The Negotiator Magazine

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Gender-based stereotypes cause many people difficulty when they interact with attorneys and business people of the opposite gender. Men often expect women to behave like “ladies” during their bargaining interactions. Overt aggressiveness that would be considered vigorous advocacy if employed by men may be characterized as offensive and threatening when used by women. This is especially true when females employ foul language and loud voices. Male negotiators who would immediately counter such tactics by other men with quid pro quo responses frequently find it difficult to adopt retaliatory approaches against women. When men permit such an irrelevant factor to influence and restrict their responsive behavior, they provide their female opponents with a bargaining advantage. Some men also find it difficult to act as competitively toward female opponents as they would toward male opponents. These men give further leverage to their female opponents.

Male attorneys and business people occasionally make the mistake of assuming that their female opponents will not engage in as many negotiating “games” as their male adversaries. Even many women erroneously assume that other females won’t employ the Machiavellian tactics stereotypically associated with members of the competitive male culture. Men and women who expect their female adversaries to behave less competitively and more cooperatively often ignore the realities of their negotiation encounters and give a significant bargaining advantage to women who are willing to employ manipulative tactics.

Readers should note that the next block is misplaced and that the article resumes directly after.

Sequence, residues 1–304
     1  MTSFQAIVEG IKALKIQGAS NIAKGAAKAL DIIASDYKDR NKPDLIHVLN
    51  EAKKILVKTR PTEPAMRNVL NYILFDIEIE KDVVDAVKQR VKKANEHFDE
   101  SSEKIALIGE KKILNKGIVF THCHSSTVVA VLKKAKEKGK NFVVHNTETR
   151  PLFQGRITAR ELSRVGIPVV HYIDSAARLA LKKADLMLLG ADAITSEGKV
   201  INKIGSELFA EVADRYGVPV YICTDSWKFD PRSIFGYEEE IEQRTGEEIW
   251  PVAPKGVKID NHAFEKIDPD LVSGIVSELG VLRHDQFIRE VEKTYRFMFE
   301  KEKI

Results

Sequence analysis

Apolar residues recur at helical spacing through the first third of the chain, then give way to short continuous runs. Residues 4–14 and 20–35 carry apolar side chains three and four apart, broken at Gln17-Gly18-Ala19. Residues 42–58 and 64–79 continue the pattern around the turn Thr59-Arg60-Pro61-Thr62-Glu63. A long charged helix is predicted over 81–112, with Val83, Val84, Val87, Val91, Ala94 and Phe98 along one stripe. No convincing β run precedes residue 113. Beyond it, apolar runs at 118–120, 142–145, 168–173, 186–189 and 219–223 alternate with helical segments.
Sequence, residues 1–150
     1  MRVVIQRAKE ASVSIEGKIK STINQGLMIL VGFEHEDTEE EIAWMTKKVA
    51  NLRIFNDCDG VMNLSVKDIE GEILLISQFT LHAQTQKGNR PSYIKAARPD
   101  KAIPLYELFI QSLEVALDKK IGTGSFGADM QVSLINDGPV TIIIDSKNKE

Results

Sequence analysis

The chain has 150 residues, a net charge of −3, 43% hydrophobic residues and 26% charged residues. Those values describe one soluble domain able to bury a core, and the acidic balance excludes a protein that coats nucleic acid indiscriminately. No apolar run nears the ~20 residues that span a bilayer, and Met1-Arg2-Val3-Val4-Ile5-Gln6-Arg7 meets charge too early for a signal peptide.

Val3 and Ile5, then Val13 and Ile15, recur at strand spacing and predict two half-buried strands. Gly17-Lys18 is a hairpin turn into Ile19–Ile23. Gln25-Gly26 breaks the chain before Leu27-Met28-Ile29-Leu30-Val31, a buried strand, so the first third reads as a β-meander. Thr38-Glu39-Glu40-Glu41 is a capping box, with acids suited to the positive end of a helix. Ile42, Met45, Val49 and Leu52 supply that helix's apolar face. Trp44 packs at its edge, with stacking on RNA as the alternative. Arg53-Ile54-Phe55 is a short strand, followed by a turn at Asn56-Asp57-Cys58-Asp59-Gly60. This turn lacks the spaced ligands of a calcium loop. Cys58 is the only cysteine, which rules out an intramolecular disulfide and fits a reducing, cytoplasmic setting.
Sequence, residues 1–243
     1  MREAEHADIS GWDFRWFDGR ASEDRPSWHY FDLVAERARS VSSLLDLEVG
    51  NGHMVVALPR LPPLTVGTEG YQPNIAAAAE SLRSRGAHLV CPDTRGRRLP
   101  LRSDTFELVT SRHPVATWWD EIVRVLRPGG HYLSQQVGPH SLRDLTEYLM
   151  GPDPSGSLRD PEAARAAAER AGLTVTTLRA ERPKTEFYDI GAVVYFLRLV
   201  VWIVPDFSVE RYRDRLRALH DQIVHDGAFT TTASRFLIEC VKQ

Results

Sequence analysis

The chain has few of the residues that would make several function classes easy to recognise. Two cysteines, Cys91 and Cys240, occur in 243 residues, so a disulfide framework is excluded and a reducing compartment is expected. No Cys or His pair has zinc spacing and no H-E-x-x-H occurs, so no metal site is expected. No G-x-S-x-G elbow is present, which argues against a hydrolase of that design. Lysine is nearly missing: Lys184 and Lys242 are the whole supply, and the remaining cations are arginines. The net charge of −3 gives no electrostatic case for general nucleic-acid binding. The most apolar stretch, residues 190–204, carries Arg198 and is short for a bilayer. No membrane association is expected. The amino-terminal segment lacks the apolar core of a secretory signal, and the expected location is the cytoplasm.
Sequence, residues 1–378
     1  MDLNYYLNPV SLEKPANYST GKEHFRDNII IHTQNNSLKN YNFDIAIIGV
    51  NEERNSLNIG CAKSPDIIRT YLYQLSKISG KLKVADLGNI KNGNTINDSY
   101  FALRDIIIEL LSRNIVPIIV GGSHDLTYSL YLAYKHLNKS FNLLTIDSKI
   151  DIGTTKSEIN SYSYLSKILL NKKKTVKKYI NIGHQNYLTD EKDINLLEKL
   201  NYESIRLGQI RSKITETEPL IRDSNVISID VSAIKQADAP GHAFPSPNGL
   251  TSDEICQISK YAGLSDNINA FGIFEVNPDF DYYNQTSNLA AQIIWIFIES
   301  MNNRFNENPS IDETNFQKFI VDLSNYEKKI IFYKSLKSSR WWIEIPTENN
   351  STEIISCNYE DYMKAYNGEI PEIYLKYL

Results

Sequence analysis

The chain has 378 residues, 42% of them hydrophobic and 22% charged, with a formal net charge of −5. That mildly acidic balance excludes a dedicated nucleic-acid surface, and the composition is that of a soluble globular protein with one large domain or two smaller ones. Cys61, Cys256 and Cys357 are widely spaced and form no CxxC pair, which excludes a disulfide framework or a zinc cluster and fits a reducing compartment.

Some male negotiators attempt to gain a psychological advantage against aggressive females by casting aspersions on the femininity of those individuals. They hope to embarrass those bargainers and make them feel self-conscious with respect to the approach they are using. Female negotiators should never allow adversaries to employ this tactic. They have the right to use any techniques they think appropriate, regardless of the stereotypes those tactics might contradict. To male opponents who raise specious objections to their otherwise proper conduct, they should reply that they do not wish to be viewed as “ladies,” but merely as participants in bargaining interactions in which their gender should be irrelevant.

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